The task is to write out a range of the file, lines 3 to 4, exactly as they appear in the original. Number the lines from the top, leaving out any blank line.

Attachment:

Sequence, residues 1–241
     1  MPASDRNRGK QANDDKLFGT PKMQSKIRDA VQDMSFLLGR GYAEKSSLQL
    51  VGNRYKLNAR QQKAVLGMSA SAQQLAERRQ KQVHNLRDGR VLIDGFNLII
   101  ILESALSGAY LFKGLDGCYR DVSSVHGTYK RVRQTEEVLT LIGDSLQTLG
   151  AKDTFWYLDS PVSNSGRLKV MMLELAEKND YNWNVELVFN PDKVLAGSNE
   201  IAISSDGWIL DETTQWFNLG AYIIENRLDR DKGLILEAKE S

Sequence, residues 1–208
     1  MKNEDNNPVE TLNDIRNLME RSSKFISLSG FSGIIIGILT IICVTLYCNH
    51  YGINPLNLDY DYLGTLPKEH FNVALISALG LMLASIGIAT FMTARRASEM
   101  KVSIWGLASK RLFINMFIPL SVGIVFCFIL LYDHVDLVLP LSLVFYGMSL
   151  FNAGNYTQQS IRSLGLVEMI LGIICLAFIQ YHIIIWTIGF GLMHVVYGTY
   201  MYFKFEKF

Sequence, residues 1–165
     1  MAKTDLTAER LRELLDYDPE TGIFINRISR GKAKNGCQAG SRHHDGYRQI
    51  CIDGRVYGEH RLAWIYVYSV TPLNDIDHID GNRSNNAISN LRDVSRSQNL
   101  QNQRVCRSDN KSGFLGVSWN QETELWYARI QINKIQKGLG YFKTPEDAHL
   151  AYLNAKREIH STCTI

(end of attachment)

    51  VGNRYKLNAR QQKAVLGMSA SAQQLAERRQ KQVHNLRDGR VLIDGFNLII
   101  ILESALSGAY LFKGLDGCYR DVSSVHGTYK RVRQTEEVLT LIGDSLQTLG